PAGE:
Bales said the Christian mission has been using private donations to supplement the government contracts operated by its secular subsidiary, EIMAGO. “In the last six or seven years, we have subsidized those operations about $4.5 million because we never get enough money from the government to operate the programs as they should be operated,” he said.
But, Bates also goes on to say that “no one would be forced onto the streets because of the decision.”
Let’s do a small Gedankenexperiment or “thought experiment” to test the logic of the article.
1. URM/EIMAGO exist to help the hungry and the homeless.
2. Joe is hungry and homeless and needs three hots and a cot, as they say in the shelter biz.
3. URM/EIMAGO gets $100/day in federally derived grant funds to take care of Joe, and the money comes from the Los Angeles Homeless Services Authority (LAHSA, which is the primary homeless grant spigot in LA County), FEMA, Department of Veterans Affairs, HUD, or another government agency.
4. For whatever reason (extra piece of mystery meat in the stew, designer blanket, one too many case managers, etc.), URM/EIMAGO spends $105/day taking care of Joe, meaning they have to get Harry to donate $5 to URM/EIMAGO to keep Joe fed and housed.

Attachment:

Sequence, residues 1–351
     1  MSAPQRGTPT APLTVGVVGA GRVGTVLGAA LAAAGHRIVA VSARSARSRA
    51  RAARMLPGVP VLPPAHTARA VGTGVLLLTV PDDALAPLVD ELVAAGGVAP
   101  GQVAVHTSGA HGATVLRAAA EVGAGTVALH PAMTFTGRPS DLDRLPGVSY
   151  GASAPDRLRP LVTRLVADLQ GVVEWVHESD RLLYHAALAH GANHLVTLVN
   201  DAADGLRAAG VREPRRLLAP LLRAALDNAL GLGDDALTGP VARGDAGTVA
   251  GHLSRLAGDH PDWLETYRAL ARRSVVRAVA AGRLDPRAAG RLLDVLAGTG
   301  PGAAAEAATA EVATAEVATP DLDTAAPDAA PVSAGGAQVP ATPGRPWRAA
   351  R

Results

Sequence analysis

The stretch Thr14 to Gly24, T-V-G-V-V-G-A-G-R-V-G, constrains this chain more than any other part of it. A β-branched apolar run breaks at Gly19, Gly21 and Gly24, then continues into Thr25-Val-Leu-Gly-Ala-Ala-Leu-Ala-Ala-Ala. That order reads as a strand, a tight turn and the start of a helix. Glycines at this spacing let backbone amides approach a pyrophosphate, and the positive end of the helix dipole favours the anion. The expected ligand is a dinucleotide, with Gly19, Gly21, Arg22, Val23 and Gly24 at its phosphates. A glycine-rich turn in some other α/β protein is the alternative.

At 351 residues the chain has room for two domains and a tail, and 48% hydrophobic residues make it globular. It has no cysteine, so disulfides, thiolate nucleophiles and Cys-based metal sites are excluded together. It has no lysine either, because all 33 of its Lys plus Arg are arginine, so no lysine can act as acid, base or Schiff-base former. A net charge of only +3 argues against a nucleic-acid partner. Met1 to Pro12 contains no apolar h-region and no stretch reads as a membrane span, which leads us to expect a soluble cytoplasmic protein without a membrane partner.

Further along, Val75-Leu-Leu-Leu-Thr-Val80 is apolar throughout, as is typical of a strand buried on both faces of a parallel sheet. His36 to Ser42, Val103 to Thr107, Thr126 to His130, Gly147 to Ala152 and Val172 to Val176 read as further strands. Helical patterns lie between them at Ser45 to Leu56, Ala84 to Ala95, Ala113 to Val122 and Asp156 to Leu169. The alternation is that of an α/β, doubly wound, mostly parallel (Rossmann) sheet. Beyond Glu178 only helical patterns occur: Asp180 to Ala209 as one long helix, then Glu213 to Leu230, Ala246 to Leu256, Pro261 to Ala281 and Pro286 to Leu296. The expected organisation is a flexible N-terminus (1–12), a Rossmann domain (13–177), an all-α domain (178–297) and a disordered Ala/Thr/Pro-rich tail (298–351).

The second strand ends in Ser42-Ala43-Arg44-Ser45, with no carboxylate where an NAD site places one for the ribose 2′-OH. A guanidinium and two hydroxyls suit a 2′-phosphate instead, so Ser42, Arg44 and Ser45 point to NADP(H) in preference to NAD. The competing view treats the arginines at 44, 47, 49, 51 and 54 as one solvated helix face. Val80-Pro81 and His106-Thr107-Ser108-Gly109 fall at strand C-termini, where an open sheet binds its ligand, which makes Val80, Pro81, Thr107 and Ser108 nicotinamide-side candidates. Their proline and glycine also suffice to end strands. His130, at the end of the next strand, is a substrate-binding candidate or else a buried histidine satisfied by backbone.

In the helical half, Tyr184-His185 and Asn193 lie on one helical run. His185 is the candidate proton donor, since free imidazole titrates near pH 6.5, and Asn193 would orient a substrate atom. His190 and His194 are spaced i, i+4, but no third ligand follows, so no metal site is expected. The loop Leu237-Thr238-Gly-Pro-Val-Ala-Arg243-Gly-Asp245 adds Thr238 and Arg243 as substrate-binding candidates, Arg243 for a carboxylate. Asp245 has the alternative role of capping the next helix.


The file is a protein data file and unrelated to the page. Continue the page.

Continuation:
5. URM/EIMAGO says its too tough to get $5/day out of Harry to supplement the $100/day from Uncle Sam to take care of Joe, so they are going to reject the $100/day from Uncle Sam.
6. Without $100/day from Uncle Sam, how much will URM/EIMAGO have to get from Harry to take care of Joe?
$105/day. If you grasped this point, you are quicker on the uptake than the reporter. Without the federal grants, URM/EIMAGO is either going to serve a lot fewer Joes or will need to find a lot more Harrys. This is why I’ve never run across any large profit that would voluntarily cancel federal grants—or any grants for that matter. URM/EIMAGO is a unicorn.
In addition to pointing out the logic problem presented above and highlight an unusual unicorn story, this post is really intended for those nonprofits who want to become “multi-program, multi-funded agencies,” and particularly nonprofits that aim to supplement project grants, general purpose grants and donations with contracts for capitated services (e.g., most homeless services, primary health care, substance abuse treatment, foster care, etc.). For these grantees, which provide a service for some agreed upon per head/per day/per visit/per whatever fee, the capitated payments, like other grant funds, are often fungible (Jake covered fungible grants last year in “Supplementing Versus Supplanting Grant Funds: Examples from the Rural Housing and Economic Development Program and the Capital Fund Recovery Competition Grants“).